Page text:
Lexis Nexis Search Tips

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Since all the BOP institutions use the same version of Lexis Nexis, I figured that this week’s post would include some tips on basic and advanced search techniques that could be used to help you with your case. To bring up the search feature in Lexis Nexis, a shortcut key you can press is the F2 key located at the top of the keyboard.

Lexis Nexis uses what is called boolean search operators. This are actually things that can be used with search engines online as well. For instance, any time you put a space between words, you are telling it to search for all the words. So if you typed search and seizure, it would search for any documents that contained the word ‘search’ ,the word ‘and’, as well as the word ‘seizure’, not necessarily together or in that order. This would be the same thing as typing in search AND and AND seizure.

Let’s say you wanted to search for the exact phrase search and seizure. You can do this by putting the terms you are searching for in quotation marks, “search and seizure”. This would only find results where those three words appear in that exact order and directly next to each other.

Another common search example is the OR operator. Let’s say you wanted to find any results that include the term ‘child’ or ‘offspring’. It would search all records for either of those. But, if you only wanted it to return one and not the other, you would use the XOR operator. Thus, you could search for child XOR offspring. This would find any results that had the term ‘child’ in it or the word ‘offspring’ but not both.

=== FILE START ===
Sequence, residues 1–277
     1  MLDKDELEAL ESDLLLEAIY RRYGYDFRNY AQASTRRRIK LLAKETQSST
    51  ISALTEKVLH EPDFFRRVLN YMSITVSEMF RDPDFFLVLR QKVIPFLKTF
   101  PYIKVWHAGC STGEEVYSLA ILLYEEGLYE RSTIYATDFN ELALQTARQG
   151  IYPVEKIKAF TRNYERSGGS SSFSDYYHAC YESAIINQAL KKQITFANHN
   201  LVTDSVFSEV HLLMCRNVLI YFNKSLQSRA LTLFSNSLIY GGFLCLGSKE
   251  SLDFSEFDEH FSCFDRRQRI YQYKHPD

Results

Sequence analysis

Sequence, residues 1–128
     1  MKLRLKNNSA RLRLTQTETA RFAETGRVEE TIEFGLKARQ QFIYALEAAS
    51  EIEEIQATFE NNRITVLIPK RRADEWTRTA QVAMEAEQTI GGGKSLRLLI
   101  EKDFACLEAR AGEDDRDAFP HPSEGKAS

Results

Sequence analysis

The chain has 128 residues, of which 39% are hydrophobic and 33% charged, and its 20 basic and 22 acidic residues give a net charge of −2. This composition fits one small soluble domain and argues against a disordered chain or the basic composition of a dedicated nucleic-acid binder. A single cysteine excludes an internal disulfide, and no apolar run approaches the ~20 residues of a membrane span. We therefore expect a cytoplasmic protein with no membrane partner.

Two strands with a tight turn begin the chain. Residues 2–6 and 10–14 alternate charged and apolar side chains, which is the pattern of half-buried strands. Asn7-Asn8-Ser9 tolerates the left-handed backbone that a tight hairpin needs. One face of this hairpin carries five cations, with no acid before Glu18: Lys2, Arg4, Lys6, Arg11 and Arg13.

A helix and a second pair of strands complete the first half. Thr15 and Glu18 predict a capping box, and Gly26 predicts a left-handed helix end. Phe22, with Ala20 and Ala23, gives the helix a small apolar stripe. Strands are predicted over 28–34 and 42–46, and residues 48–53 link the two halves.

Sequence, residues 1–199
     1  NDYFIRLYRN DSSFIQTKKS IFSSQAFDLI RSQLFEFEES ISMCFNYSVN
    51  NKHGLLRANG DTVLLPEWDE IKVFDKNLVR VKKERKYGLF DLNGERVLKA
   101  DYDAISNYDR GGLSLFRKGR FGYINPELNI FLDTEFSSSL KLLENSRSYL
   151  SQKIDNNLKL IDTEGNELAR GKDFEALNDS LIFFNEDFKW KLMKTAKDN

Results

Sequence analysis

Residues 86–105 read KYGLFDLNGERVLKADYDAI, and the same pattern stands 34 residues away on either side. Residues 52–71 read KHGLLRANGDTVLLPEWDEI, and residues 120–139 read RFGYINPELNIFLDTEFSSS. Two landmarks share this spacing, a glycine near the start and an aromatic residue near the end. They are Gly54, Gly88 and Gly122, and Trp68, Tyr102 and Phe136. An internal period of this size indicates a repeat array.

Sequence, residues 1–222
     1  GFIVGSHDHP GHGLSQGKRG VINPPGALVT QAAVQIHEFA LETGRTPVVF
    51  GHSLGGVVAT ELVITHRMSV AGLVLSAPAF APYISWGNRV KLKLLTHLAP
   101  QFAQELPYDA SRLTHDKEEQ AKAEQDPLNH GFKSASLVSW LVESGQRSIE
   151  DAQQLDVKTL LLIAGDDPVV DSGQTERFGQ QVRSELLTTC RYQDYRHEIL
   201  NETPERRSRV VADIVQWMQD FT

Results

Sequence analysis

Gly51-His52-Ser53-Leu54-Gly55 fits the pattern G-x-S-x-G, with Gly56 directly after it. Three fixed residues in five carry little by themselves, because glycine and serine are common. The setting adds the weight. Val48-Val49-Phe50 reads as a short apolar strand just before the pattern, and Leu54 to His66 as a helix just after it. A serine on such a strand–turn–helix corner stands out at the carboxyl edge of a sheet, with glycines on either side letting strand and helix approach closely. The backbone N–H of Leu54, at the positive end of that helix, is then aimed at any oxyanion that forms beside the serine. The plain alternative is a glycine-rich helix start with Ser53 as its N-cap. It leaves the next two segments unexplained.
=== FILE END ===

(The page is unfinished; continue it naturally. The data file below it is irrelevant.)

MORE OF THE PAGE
One feature that helps limit what you search for is the NOT operator. Let’s say you were trying to find all (or at least most) of the statutes from title 18, chapter 110 (the sex offense chapter). This includes 2250, 2251, 2252, 2252A, and so forth. You could also include what is a wildcard operator, which is the asterisk (*) key. So you could put in the search box 225* and it would bring up any mention of 2250, 2251, and so forth. The problem is, this may also show results such as 28 U.S.C. 2255, what most people use on their appeal and thus you don’t want that.

A way around that is to search for 225* NOT 2254 NOT 2255. This would search for everything that begin with 225, but as long as it wasn’t 2254 or 2255. While there are some statutes that fall under those same statute numbers in the sex offense chapter, this gives you an idea on how you can eliminate useless information.

Here is one example I used recently. I was looking for any cases where someone filed a motion for early termination of supervised release that was granted. My exact search was: 3583(e)(1) grant* NOT den*

What this did was search for any case that included the term 3583(e)(1), which is the statute for early termination, included the word grant, grants, granted, granting, and so forth, BUT not any cases that include the word deny, denied, denying, and so forth. Therefore, if a phrase in the case said for example “Defendant previously asked for this court to grant his early termination of supervised release under 18 USC 3583(e)(1). Now defends comes in front of this court again. The motion is denied.”